With the United States assuming the role of Chairmanship of the Arctic Council next year, it is important that we, as a nation, have a strong and cohesive agenda going into the position.
There has been concern over what exactly America’s role will be, ranging from focusing solely on environmental issues and ignoring resource development, to status-quo leadership, all the way to emphasis on shipping and tourism. Not one of these avenues is a poor choice, but when one path comes at the expense of another we can foresee a steep decline in America’s leadership abilities.
America is miserably lacking in arctic capabilities, highlighted most significantly with our two icebreakers. To be the possessor of the world’s strongest and largest military, yet only have two functioning icebreakers, only one of which is capable of breaking heavy ice, is tragic and shocking to say the least. As the arctic region becomes more important to the world and to Americans, our government needs to increase its arctic presence. The Arctic Council is exactly where America can jumpstart its authority, and despite the noted concern earlier, it is beginning to appear that we are on the right path.
Admiral Robert Papp, retired U.S. Coast Guard, is the Special Representative to the Arctic, and he will be heading the U.S. chairmanship of the Arctic Council. In a recent interview with Fortune.com, he gave deep insight into how he sees America moving forward in the arctic and what is needed to make the move possible.
Admiral Papp’s comments give us high hope for America’s upcoming role.
Referring to the nation’s developed ports and infrastructure, Admiral Papp highlights how Alaska is different in this regard. Alaska lacks arctic deep-water ports, lacks fiber optics and sophisticated communications, and the infrastructure in general is seriously absent. Papp further discusses the desire to better the lives of Alaska’s Natives and those living in the arctic.
We have many villages up there still relying on diesel generators running 24 hours a day to provide energy. We need companies to invest and people to look at small grid power systems, combinations of wind and diesel, thermal energy, hydro electric energy things that can be tailored for these individual villages depending on their location. There is crying need for clean water if you can believe that. It’s a tremendous challenge up there … When we talk about economic well being, we are really in some instances starting at the basics of food, water and shelter up there. I see that as a tremendous potential for companies to invest and come up with solutions that may solve those issues.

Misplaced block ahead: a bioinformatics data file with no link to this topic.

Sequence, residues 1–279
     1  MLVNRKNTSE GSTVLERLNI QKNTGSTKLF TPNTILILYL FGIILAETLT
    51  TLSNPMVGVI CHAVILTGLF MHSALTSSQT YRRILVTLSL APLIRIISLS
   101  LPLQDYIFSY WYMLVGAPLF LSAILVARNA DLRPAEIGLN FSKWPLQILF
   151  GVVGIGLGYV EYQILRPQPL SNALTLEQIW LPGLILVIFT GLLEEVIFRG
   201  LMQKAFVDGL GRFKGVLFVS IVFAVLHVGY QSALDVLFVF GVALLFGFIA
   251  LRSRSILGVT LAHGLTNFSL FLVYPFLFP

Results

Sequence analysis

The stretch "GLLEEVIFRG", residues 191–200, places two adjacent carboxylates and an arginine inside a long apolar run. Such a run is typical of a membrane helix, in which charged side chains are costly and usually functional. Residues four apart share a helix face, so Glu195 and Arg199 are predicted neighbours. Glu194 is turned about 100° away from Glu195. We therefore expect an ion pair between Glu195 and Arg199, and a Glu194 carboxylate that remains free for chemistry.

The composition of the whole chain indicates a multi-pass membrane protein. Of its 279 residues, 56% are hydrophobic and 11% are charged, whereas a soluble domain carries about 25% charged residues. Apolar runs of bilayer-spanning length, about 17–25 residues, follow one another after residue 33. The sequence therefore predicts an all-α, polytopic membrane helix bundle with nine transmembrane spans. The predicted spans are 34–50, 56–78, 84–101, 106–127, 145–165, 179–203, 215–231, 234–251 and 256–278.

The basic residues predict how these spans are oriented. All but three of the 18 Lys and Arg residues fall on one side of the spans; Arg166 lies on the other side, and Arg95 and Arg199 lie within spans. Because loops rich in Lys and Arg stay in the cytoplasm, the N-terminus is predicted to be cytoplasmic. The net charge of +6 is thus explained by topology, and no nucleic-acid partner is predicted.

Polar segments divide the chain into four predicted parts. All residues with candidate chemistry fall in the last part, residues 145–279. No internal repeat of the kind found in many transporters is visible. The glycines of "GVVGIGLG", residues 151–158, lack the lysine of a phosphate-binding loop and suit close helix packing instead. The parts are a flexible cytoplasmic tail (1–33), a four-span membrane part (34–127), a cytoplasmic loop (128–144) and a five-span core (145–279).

Highly important is that Admiral Papp recognizes the need for resource development. It is clear that he understands Alaska’s need for resource development, but also he understands that Alaska knows how to safely develop its resources. He highlights the difference in Alaska’s coastal oil formations, specifically by noting the shallow depth of the waters and the low pressure of the oil formations when compared to the Gulf Coast. Equally important is that he understands that everyone wants to do this right – everyone is working to ensure the best possible outcomes for all parties involved.
I support drilling that is done in an environmentally sound manner which follows all the guidelines and preparations and policies that are established by the Department of the Interior. When I went to Alaska during my visit in August, I listened to everybody. I listened to the Alaska natives. I listened to the NGOs, the environmentalists, the academics. But I also met with Shell, ConocoPhillips and BP while I was up there to learn a little more about what their interests are. I remain convinced that, even though they are in it for a business, they understand fully they need to protect the environment. The Arctic provides us with different challenges than some of the drilling that goes on in other areas of the world. They are not insurmountable but they have to be done in a very deliberate and circumspect manner. I believe the oil companies are doing that and, believe me, they are getting plenty of oversight as they do it. Yes, I support it but we have to keep in mind the rights of the indigenous people up there. Along the North Slope, there is the Bowhead whale corridor. There will be no drilling within that corridor, no leases sold because that is a traditional migrating route for the whales. This was based on science and also in consultation with Alaskan natives using their traditional knowledge. So, I think you can bring all parties to the table, respect their opinions and come up with a balanced approach.
You can read the full interview here.